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Old 11-18-2009, 01:30 PM   #1
Aug 2009
Posts: 46

So I brewed some irish red. when i had it at room temp and then put it in the fridge for 10 mins or so, it would gush like crazy. so i was told to put them in the fridge, leave them for a couple days and then check on them. after a couple days in the fridge, they no longer overflowed like crazy. definately not infected.. great beer! doesnt smell or having any off flavors. but why would the fridge stop it from gushing, but still leave a perfect amount of carbonation??

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Old 11-18-2009, 01:33 PM   #2
Jul 2009
Chapel Hill, NC
Posts: 312
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CO2 doesn't come out of solution nearly as quickly at lower temperatures. It probably hadn't cooled down in the first ten minutes, but was nice and cold after a few days.

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Old 11-18-2009, 01:33 PM   #3
Oct 2008
Eastern MA
Posts: 286
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The liquid can hold more CO2 in solution when it's colder. So it stays in the beer instead of gushing out when the pressure changes when you pop the cap off.

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Old 11-18-2009, 01:36 PM   #4
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May 2009
Posts: 1,864
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Two things could be at work here, or a combination of them

1) Yeast may have still been active and creating more fermentation of sugars. Most yeast pretty much go dormant at refrigeration temperatures.

2) CO2 will not readily stay disolved in a liquid at room temperature. The colder a liquid is, the more CO2 will remain disolved in the solution. So CO2 would tend to bubble out of solution at room temperature, but is much more prone to remain in the liquid at refrigeration temps. This is why when you pour a warm soda into a glass you get so much foam, but the soda tastes flat. It is because most of the CO2 came out of the room temperature soda which is what caused all the foam.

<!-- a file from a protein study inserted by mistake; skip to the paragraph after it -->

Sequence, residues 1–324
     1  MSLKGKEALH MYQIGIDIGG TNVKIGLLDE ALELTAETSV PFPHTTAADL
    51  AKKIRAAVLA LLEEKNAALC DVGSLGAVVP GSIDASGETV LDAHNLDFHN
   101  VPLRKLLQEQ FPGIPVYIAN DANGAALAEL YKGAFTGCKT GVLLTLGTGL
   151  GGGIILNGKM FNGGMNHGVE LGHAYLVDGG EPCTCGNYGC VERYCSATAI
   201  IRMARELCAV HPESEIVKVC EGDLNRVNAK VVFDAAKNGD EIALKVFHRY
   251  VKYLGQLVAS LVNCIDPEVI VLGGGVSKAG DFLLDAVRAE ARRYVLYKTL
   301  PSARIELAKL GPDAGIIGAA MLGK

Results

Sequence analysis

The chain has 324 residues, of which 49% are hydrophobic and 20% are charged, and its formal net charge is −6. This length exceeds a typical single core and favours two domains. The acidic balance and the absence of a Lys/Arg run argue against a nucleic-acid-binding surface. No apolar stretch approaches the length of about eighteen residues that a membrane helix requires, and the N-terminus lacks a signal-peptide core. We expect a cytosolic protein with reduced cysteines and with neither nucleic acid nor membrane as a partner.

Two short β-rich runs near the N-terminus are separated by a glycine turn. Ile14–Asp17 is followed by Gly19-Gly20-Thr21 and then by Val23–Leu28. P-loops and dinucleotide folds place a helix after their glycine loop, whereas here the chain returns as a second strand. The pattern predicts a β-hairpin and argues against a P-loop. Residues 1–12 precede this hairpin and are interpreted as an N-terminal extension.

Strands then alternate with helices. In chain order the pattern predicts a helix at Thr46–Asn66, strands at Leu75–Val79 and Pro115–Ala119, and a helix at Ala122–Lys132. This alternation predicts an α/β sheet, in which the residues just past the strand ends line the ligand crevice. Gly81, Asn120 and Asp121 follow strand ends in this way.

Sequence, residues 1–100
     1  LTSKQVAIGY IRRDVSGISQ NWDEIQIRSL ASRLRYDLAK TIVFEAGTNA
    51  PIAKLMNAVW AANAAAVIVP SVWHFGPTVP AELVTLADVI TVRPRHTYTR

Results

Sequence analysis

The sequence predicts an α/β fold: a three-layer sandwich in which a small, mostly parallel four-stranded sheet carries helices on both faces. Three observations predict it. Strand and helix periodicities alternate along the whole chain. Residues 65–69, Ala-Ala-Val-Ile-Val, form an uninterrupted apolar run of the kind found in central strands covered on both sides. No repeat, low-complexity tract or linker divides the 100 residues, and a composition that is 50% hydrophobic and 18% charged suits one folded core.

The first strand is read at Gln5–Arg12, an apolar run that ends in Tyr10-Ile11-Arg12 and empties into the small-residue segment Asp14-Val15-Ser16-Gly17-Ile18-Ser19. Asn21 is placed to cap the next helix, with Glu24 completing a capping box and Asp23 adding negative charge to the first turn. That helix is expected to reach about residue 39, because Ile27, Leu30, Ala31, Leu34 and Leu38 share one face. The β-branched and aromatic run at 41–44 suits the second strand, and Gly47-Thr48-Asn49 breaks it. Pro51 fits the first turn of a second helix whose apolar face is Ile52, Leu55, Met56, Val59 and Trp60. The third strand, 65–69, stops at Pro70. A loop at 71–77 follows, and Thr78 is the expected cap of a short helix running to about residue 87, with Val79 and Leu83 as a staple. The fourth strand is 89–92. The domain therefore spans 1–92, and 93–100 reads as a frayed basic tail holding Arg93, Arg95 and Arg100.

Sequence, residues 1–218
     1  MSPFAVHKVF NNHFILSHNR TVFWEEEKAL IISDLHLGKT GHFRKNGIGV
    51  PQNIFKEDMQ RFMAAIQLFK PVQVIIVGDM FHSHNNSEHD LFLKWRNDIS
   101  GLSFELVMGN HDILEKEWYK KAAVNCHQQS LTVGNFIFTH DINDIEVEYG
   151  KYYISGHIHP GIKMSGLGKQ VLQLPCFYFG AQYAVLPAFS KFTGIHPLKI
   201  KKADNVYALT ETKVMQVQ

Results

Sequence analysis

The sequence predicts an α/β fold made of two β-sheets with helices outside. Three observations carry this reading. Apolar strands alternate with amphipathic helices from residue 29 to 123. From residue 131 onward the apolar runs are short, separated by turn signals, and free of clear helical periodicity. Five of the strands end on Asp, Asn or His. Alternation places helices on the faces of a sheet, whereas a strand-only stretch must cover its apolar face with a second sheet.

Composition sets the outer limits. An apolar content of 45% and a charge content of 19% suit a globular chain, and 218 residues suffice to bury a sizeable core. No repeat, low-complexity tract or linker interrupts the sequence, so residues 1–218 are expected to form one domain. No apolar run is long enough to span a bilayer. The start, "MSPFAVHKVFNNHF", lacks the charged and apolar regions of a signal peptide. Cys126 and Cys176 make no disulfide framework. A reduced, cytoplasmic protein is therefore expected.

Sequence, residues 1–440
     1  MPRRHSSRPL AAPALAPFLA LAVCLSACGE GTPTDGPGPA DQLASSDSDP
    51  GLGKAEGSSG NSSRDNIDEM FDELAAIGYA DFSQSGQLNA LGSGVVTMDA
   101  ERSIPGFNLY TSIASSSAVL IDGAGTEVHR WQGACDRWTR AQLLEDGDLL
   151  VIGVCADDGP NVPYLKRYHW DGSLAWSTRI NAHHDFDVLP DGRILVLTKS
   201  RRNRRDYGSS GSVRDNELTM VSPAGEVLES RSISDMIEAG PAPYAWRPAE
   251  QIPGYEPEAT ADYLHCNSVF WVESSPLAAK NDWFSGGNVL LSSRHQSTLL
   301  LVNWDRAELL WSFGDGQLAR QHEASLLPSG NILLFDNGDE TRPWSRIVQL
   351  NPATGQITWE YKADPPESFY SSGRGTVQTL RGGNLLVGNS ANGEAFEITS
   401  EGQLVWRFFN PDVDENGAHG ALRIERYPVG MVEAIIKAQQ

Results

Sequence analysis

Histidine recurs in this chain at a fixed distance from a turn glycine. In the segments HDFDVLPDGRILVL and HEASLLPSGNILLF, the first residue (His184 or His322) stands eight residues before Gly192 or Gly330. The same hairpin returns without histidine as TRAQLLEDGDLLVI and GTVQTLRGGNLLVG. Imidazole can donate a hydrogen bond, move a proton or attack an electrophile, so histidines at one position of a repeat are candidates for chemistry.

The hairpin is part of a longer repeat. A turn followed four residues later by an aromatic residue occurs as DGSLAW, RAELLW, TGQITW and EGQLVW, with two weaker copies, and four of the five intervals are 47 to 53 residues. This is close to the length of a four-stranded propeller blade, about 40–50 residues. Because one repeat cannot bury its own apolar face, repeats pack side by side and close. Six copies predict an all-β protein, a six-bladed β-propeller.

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Old 11-18-2009, 06:10 PM   #5
Sep 2009
san diego
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Originally Posted by GrizlyGarou View Post
The liquid can hold more CO2 in solution when it's colder. So it stays in the beer instead of gushing out when the pressure changes when you pop the cap off.
Pretty sure it's the opposite, ie it comes out of the beer before you open the bottle.
When you pop the cap off of a bottle, you drop the pressure instantaneously. This reduces solubility of the gas, allowing it to come out of solution violently. This is similar to how a diver gets the bends if he returns to the surface too quickly.
Cooling a bottle down reduces the pressure inside it, reducing solubility of the gas and allowing some of it to escape into the head space. When the bottle is opened, this portion escapes uneventfully into the surrounding air. Obviously, some additional gas does come out of solution, but since the vapor pressure has been reduced prior to the opening event, the pressure differential is much smaller and therefore the process is much less violent.

Qualifier: I'm a mechanical engineer, not a chemist, and I've only taken three courses in thermo (the most recent of which was 3 years ago).

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